BEACH -- Edward Glenn Roberts did not grow up in
a racing family.
He discovered the magic of speed on his own.
Smokey Yunick, left, and Fireball Roberts peer
under the hood during the 1961 season. In 1961,
the only year when Fireball drove a Yunick-owned
Grand National car, the two combined for three
polls and a victory in three Daytona Beach
Roberts was born in Tavares then moved with his
family to Apopka at a young age. When he was 16 years
old in 1945, his mother and father bought a small
beachside motel near the Main Street area.
"We hated it," his younger sister JoAnne
Funderburke said. "Bubby and I would drive back over
there almost every weekend to see our friends."
Roberts, who had picked up the nickname "Fireball,"
spent most of his junior year at the original Seabreeze
High School, which was located on Grandview Avenue.
"We grew up in a good time," Funderburke said. "It
was an easy time to grow up. We had a happy, loving
childhood in a small town."
In May, 1945, Roberts quit school and joined the Air
Force but spent most of his time in a base infirmary
because of asthma attacks. He received a medical
discharged after 90 days of service.
Roberts battled a chronic asthma condition his entire
life. As a child he spent many hours indoors while other
kids his age were outside playing.
Fireball Roberts is pictured in a
mid-1950s trophy ceremony with Font Flock, a
legendary driver who survived a horrific 1941
crash in Daytona Beach and went on to win the
1947 National Championship.
"In his youth, he was a little ol' skinny nothing,"
Funderburke said with a slight giggle.
He did have an adventurous side to him. When Roberts
was 11, he knew how to drive the family car. At the age
of 12, he flew an airplane. Family members say he never
raced go-karts as a child.
After leaving the service, he returned here and
earned his GED and attended graduation ceremonies at
Apopka High School.
It was sometime at this point in his life, in 1946 or
'47, when he met Marshal Teague, who was a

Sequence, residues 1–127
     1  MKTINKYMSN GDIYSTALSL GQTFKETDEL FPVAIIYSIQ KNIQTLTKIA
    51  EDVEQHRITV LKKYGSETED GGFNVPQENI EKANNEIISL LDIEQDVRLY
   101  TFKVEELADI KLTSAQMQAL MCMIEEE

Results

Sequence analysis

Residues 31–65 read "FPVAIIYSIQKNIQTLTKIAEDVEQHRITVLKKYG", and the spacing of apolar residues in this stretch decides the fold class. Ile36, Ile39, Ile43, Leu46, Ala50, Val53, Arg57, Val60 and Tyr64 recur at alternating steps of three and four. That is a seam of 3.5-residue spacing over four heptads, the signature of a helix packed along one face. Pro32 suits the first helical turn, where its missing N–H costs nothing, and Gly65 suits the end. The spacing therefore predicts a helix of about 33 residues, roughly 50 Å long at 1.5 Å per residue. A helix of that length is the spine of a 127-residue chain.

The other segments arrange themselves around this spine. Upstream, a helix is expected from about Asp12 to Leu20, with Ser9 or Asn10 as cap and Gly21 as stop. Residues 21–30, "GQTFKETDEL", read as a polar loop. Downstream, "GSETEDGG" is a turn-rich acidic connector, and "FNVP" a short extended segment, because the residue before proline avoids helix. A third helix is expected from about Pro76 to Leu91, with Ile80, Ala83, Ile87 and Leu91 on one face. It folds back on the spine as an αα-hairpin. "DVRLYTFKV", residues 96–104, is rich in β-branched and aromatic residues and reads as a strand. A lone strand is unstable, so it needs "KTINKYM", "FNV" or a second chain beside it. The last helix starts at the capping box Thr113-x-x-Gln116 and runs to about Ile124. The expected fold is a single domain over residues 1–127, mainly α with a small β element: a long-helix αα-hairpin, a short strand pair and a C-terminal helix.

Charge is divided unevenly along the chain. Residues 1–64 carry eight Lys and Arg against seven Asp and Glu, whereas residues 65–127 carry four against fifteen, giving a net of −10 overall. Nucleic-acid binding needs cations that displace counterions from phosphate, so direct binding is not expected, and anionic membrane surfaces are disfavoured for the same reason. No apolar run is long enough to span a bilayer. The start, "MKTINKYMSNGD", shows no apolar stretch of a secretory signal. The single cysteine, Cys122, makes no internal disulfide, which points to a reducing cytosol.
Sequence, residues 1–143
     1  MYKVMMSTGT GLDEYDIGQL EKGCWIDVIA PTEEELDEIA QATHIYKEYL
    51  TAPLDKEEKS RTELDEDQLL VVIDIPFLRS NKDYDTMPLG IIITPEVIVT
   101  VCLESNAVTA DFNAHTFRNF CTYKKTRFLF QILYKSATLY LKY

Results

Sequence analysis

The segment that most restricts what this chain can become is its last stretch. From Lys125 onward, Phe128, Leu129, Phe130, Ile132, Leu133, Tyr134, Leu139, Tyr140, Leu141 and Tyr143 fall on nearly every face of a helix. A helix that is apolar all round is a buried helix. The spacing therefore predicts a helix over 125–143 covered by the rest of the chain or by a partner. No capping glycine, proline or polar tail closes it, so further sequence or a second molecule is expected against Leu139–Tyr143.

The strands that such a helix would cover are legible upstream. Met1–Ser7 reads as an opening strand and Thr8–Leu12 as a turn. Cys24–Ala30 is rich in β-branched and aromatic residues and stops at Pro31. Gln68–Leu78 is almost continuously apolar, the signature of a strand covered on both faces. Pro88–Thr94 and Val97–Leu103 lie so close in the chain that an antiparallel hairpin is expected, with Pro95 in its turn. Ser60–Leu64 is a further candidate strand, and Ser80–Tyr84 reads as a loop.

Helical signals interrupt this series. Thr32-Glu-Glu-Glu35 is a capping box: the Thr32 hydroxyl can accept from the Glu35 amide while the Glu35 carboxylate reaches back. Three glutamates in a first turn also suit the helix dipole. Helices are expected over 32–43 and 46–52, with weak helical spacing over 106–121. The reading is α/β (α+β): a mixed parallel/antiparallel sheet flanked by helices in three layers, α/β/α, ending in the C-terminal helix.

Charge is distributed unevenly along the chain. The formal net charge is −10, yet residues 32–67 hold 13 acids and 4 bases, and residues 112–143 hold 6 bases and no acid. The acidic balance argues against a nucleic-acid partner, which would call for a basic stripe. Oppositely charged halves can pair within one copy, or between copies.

successful local racer. It was Teague who mentored
Roberts in the fine art of stock car racing, according
to friends and family.
Irwin "Speedy" Spiers said he and Roberts
attended the meeting of racing promoters and track
owners at the Streamline Hotel in December 1947 that led
to the formation of NASCAR.
"We were out in the hallway trying to listen to what
was going on," Spiers said. "We weren't big fish back
then. We didn't get to sit at the big table with the
Roberts' first race was on a dirt short track in
Jacksonville, most likely when he was 18. Before he
turned 21, Roberts' mother had to give him written
permission for him to race in various events.
"My mother signed for him to race the first time on
the beach, the summer of '48; I remember that because I
just graduated from high school," Funderburke said. "I
was 17 and he was 19. Daddy wouldn't sign it."
Edward Glenn Sr. didn't like the idea of his son
racing. He had little to do with his son's career until
Glenn Jr. was well into his racing days.
After obtaining his GED, Roberts attended the
University of Florida for five consecutive semesters,
and his interest in racing was evident from the number
of speeding tickets he collected commuting back and
forth from Gainesville.
"About every time he came through Bunnell, the police
would stop him," Funderburke said. "I drove that car a
few times. It was a souped-up '39 Ford. You had to drive
it fast or it would conk out on you. The sounds it made
embarrassed me to death."
Roberts never got his bachelor's degree in
engineering. The racing bug overwhelmed him in 1949.
"He was a pretty poor student; both of us were,"
Spiers said. "We couldn't concentrate too good on what
we should have been doing."
Spiers was in class at UF the day Roberts had his
racing revelation. It was on that day that Roberts
realized he was meant to drive a race car.
"We started to walk out of the classroom, I think it
was English literature, and this old girl was teaching
the class. She said, 'Where do you think you boys are
going?' Fireball said, 'Up your (bleep) grandmother,
we're going racing,' " Spiers said.
"The teacher was about 30 years old and he was